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Possession with a Purpose: How the Sounders have owned the ball and the score

The Sounders don’t need to win possession to win games, but they probably will anyway.

MLS: Seattle Sounders FC at Chicago Fire Kamil Krzaczynski-USA TODAY Sports

In their first three matches of the season, the Seattle Sounders averaged 56.2% possessio — the third highest share in the league. Over that same stretch, they’ve also scored 3.33 goals per match — the highest rate in the league.

Together, those stats demonstrate something of a sea change for the Sounders, who have been good but not elite in both categories since Brian Schmetzer took over. Dating back to 2015, the team has won many of its most important matches without having the bulk of possession or creating the best scoring chances. Most notably, the Sounders won the 2016 MLS Cup final without registering a single shot on goal, and in 2018, they beat a top Western Conference rival in Sporting KC while giving up 61% of possession and losing the shot battle, 19-9.

While calling the Schmetzer-era Sounders a bunker and counter team would be a step too far (they’ve finished top seven for possession in both full seasons of the manager’s charge), describing them as a possession-based team would probably miss the mark as well. That is especially true when considering some of the Sounders worst performances have come in matches where they had the lion’s share of the ball. Last year’s listless 0-0 home draw against a 10-man Columbus side was a low point on the season despite the team owning 65% possession for the match, and the year before that saw the Sounders go down 2-0 while maintaining 67% possession in the first half of a home match against then-MLS basement dwellers D.C. United before going on to win the second half 4-1 while keeping only 52% possession.

All of that is to say the Schmetzer-era Sounders enjoy having the ball (they pride themselves on build-out play as much as any team), but haven’t really needed the ball to win.

So has that changed this year? In some ways, yes, and in some ways, no. On the one hand, the team has been at their most potent in phases of the match where they’ve dominated possession (i.e., the first halves against Cincinnati and Colorado). On the other hand, according to, they lead the league in counter attack goals with three, while only three other teams have managed to score even once on the counter this season.

In short, similar to years past, the team is neither truly counter-attacking nor possession-based. Still, they’re on pace to put up some of the best possession numbers in franchise history while also playing scintillating, goal-dangerous soccer. Here’s how they’re doing it, and when and where their possession still matters.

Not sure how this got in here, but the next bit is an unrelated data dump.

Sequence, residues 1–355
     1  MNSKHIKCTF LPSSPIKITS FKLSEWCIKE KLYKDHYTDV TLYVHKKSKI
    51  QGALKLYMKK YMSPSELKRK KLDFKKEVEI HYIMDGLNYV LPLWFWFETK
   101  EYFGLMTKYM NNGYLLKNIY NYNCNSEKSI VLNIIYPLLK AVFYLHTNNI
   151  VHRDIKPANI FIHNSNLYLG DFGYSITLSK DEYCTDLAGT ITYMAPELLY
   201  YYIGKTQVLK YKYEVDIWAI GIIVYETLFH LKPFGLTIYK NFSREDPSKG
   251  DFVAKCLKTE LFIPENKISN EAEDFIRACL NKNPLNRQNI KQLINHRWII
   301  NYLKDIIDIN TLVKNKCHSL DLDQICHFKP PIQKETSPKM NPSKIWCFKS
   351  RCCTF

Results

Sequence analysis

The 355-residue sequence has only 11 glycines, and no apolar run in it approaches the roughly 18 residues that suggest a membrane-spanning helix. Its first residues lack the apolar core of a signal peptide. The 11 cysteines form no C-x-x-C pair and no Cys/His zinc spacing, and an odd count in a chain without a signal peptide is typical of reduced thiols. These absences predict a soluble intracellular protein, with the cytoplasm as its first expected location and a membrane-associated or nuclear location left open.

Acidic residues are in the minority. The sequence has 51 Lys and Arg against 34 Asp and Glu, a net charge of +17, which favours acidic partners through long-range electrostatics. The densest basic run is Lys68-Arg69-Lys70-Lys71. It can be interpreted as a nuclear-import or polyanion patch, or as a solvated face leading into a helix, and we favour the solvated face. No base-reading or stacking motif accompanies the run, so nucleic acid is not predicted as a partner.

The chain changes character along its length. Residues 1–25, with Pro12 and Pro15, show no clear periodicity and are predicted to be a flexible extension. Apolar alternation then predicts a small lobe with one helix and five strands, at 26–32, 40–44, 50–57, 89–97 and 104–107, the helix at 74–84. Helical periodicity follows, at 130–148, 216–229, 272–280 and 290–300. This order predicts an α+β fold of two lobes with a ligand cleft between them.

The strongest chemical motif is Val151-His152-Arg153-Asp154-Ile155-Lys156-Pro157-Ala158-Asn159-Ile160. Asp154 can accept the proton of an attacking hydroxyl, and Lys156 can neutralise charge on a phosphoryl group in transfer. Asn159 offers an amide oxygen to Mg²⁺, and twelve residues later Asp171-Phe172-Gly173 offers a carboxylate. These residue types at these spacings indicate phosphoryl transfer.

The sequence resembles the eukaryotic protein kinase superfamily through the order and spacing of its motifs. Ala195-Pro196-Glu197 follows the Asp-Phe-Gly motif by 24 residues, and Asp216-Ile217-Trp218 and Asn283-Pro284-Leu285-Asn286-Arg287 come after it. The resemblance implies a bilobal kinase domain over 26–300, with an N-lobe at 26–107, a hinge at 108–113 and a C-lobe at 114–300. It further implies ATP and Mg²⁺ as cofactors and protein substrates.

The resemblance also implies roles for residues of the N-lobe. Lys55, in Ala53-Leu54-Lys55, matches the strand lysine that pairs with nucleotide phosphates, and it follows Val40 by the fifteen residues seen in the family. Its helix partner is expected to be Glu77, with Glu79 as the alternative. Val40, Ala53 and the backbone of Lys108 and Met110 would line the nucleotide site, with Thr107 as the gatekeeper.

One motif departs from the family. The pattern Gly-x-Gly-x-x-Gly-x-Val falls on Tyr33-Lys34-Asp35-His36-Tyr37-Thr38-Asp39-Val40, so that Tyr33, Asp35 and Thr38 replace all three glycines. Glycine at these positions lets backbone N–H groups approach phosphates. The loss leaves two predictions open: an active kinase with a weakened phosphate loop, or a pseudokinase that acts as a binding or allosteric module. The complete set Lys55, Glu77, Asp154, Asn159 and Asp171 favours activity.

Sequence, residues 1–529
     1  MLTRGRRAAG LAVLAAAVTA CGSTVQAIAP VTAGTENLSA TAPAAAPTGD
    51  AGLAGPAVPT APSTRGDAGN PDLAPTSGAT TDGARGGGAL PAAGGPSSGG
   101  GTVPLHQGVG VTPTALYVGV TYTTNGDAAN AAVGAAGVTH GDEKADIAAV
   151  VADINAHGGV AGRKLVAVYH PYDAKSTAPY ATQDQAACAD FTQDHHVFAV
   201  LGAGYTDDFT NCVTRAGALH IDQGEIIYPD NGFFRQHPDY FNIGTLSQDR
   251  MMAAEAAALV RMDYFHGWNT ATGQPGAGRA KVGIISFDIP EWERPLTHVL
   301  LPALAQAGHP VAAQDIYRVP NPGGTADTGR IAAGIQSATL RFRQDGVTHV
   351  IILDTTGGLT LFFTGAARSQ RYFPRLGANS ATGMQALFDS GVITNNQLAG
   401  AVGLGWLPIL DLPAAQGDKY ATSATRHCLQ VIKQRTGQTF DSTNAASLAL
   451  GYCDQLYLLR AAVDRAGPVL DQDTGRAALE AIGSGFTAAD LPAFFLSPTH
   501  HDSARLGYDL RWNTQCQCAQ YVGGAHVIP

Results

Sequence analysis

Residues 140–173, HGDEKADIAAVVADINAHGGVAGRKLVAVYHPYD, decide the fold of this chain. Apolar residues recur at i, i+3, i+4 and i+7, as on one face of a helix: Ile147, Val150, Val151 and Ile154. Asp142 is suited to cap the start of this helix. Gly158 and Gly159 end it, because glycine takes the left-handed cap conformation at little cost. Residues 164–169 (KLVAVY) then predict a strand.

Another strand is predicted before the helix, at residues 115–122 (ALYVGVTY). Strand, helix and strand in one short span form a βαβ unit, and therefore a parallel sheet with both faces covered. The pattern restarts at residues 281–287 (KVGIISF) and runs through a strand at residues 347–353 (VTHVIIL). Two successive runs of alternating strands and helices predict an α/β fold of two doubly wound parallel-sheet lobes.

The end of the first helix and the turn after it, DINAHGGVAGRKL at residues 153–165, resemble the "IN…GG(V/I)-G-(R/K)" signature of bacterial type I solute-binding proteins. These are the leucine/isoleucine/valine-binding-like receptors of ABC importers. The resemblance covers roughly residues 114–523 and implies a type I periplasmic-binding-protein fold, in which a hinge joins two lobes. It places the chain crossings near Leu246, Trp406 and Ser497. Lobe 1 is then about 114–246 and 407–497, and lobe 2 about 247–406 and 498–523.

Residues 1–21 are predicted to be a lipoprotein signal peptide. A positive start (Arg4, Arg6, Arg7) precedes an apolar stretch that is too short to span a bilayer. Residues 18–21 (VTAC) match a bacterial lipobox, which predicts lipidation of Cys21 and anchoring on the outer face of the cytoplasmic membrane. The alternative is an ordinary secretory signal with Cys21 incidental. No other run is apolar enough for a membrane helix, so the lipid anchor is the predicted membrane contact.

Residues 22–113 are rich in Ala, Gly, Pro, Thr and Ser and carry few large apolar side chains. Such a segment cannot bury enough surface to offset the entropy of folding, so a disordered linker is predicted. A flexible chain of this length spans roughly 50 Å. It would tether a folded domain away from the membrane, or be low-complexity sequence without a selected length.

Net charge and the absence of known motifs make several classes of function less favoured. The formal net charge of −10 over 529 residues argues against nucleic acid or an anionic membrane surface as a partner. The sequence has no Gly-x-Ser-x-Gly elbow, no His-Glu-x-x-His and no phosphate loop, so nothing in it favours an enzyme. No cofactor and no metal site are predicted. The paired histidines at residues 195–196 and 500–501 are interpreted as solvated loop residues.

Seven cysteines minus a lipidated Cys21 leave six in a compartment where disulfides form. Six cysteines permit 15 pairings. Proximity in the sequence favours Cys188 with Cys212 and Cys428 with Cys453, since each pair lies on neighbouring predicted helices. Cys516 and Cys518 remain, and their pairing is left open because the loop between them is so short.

Build-out play

The Sounders are as committed to building from the back as any team in the league. The ways they build out vary, but their general aversion to lumping the ball long without a plan remains consistent. Fittingly, they average the fifth fewest clearances and the third most pass attempts in the league.

At the same time, the Sounders tend not to pass the ball around the back for long stretches of a match, even when their opponents sit back. With Gustav Svensson sitting between the centerbacks, and Cristian Roldan and Nico Lodeiro taking turns receiving the ball deep as well, the Sounders have a bevy of midfielders who are more than happy to hit a daring 30-40 yard ball when given time and space. Where other teams may recycle possession in their own half and rack up meaningless possession, the Sounders are more willing to hit Jordan Morris, or even fullbacks Kelvin Leerdam and Brad Smith, over the top. To that point, though Seattle ranks in the top five of nearly every passing/possession statistic, they only have the 9th highest short ball-to-long ball ratio in the league.

But where other teams’ long balls may stem from a lack of ideas in possession or composure on the ball, the Sounders’ long balls are usually a strategic play to utilize their speed down the flanks and stretch opposing defenses, as they did with particular success against Colorado. As such, when the Sounders play long, they have a much higher chance of creating a scoring opportunity than most teams.

That willingness to make long balls and quick counters a core part of their build-out strategy means that the team may not stay in the upper echelons of possession stats later into the year (long balls remain lower percentage passes even when done with purpose), but when they do have high possession, it will correlate with creating more scoring chances more than it would for a team that endlessly recycles the ball. As such, when matched up against slower building teams like the Chicago Fire, 40-45% possession should be more than enough to thoroughly dominate a match. However, when possession drops into the 30s, as it did for spells in the Chicago and Colorado matches, chances are the Sounders are having trouble with build out and/or getting generally outplayed.